Lawn bowling (not to be confused with the game of skittles or nine-pin) is so ancient it goes back to the Egyptians 7,000 years ago, and it may have been played in Turkey before that. It is believed that the Roman Legions spread their version of the game (today called Bocce in Italy) to all the European lands, where each country adopted its own variations, influenced by climate and terrain.
Lawn bowling, where the objective is to roll a ball so that it stops as close as possible to a smaller, target ball named the kitty, or jack, was so well established in England by 1299 A.D. that a group of players organized the oldest established bowling club in the world that is still active, the Southhamptom Old Bowling Green Club. The sport was so popular that royalty in both France (where it is called Boules) and England passed laws restricting it for the common people during several centuries, because it had supplanted archery as a pastime and archery skills were essential for the national defense.
In England, Edward III in 1361, Richard II in 1388, and Henry IV in 1409 put restrictions on not only who, but when and for how long certain segments of the population could play. Henry VIII outlawed it entirely for the lower classes in 1541, excepting on Christmas Day, and in 1555 Queen Mary passed her own prohibition on it for the lower classes, on the grounds that it supported “unlawful assemblies, conventiclers, seditions, and conspiracies.” Her restriction on it lasted for 3 centuries!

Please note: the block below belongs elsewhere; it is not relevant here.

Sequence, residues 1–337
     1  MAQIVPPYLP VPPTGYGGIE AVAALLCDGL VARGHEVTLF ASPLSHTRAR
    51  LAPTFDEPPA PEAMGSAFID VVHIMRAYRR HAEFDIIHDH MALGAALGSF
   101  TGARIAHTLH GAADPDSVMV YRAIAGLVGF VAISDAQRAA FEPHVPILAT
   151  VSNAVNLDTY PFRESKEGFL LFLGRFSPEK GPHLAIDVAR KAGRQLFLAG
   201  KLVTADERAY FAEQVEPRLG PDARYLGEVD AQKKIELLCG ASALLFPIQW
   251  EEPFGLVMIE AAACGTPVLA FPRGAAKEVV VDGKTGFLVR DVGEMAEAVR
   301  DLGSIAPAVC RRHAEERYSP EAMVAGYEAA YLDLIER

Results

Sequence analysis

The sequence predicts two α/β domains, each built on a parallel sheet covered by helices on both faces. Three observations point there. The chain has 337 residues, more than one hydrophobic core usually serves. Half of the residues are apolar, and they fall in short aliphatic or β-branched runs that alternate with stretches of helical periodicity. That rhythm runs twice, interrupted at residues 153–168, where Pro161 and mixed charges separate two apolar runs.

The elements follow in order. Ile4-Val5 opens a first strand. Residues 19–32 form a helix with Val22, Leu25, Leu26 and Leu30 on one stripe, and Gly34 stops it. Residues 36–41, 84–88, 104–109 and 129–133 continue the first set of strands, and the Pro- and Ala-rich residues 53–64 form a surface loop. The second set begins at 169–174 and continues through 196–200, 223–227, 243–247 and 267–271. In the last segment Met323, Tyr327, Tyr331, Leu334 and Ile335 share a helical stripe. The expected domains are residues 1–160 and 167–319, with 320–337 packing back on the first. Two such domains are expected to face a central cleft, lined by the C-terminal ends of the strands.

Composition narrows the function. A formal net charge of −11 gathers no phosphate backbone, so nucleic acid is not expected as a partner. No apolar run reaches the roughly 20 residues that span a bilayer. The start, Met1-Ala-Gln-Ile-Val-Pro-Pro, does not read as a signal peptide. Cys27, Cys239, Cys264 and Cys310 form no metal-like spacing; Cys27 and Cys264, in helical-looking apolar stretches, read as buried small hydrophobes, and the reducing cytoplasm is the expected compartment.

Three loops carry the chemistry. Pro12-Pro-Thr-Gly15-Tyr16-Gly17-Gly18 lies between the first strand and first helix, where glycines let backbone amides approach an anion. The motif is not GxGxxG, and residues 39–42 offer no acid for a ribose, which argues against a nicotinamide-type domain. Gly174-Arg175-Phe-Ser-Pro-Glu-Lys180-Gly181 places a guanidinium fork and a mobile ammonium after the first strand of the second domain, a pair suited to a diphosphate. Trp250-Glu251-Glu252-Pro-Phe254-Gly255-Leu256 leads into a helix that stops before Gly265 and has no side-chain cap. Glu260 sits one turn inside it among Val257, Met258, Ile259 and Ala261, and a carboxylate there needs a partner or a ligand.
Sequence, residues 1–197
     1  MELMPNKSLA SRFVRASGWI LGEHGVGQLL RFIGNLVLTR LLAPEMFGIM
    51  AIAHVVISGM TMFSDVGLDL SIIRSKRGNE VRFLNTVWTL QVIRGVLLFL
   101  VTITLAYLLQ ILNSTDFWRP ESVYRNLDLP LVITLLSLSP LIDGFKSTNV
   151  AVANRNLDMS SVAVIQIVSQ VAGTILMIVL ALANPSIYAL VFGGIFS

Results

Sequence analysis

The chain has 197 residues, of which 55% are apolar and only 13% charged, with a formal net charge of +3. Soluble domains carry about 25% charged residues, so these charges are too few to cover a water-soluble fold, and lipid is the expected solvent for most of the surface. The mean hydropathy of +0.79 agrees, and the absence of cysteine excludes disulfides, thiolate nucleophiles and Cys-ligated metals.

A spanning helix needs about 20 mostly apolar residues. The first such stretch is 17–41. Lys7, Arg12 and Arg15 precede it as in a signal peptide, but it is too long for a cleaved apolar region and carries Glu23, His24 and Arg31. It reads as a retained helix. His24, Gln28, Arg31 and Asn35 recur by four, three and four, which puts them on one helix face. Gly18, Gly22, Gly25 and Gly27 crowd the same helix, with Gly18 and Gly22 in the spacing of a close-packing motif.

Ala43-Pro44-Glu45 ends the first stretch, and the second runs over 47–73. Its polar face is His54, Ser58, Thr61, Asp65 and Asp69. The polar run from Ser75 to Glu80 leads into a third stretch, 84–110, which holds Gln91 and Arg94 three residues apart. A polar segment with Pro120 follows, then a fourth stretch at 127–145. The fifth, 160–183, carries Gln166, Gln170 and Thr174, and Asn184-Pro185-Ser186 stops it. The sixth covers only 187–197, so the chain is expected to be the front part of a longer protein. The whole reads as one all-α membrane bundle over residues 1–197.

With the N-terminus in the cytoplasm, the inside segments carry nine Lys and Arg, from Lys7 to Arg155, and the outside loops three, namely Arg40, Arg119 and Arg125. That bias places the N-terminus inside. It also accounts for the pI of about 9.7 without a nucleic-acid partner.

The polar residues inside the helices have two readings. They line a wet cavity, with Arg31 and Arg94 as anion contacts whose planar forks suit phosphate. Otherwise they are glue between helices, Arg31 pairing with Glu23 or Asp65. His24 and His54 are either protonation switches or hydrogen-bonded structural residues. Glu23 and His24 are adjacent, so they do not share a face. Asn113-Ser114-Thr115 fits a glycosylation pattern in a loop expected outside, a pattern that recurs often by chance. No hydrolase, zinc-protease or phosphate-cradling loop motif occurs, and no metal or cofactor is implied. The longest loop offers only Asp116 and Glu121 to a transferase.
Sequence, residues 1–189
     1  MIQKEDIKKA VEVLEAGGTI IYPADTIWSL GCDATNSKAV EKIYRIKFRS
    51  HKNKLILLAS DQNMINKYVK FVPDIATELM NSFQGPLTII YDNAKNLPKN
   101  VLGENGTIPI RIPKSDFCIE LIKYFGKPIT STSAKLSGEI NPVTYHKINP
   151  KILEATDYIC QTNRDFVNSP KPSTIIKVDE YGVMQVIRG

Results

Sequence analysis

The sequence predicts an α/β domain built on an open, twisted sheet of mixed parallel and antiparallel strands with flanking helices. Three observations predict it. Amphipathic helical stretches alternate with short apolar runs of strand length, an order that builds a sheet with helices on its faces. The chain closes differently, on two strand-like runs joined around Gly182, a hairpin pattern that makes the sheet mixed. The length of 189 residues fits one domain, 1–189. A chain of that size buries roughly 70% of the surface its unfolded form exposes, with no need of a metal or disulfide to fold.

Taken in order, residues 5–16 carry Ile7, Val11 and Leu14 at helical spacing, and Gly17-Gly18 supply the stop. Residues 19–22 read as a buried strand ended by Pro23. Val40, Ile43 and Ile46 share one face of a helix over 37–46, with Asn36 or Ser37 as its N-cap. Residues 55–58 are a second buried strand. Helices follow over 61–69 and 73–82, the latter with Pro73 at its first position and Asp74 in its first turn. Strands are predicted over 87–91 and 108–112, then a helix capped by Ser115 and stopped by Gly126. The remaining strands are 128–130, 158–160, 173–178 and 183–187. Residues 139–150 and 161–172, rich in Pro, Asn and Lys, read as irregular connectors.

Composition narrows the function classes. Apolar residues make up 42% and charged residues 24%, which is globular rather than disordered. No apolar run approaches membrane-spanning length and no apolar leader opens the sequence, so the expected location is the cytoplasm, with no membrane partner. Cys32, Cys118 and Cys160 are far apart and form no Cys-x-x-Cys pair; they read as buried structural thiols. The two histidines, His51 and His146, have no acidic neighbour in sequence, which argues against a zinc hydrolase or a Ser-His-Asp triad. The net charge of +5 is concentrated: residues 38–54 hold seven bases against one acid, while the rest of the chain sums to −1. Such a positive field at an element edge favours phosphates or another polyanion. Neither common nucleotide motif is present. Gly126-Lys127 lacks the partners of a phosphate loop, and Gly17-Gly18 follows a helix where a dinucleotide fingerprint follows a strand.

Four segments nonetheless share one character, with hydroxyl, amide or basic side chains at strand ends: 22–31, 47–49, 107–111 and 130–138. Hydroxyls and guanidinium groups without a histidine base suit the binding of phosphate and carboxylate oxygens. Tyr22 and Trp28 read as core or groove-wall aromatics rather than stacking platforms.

In the meanwhile, fashionable land owners and the aristocracy could play on private bowling greens, if they paid 100 pounds to the Crown. Samuel Pepys mentions in his diary being invited to “play at bowls with the nobility and gentry.” The cost of maintaining and grooming the greens was prohibitive enough to limit them to the wealthiest circles, such as royalty, or those most devoted to the sport. Many very old bowling greens are still in use today, including one at Windsor Castle, and one at Plymouth Hoe where Sir Francis Drake and his captains were said to be bowling in 1588 when they received the news of the invading Spanish Armada.
Lawn bowling was never restricted in Scotland where rich and poor alike embraced it wholeheartedly and it has remained very popular throughout the centuries. Early versions of the game used a round ball like those used in Boules or Bocce, but later the English version adopted a weighted or “biased” ball which rolls with a curve. One story attributes that development to the Duke of Suffolk in 1522, when his wooden ball split and he replaced it with a stair-banister knob that was flat on one side and could not roll straight, thus increasing the challenge and skill required to play.
But it was not until the Victorian era that the game reached its present-day mode. Three events played a large role in that progress: 1) the invention of the lawn-mower in 1830, which made maintaining a smooth, flat green both more attainable and less expensive; 2) the queen’s 1845 rescinding of the old prohibitions, which opened the game officially to all English people; and 3) the Scots (notably W.W. Mitchell, along with 200 other bowlers from various clubs) agreed upon standardized rules in 1848 and codified them into a uniform set of laws that were eventually adopted internationally.
In Part 3 next month we’ll take a brief look at more “summer games” and even quiz you on which ones would have been played during the Regency!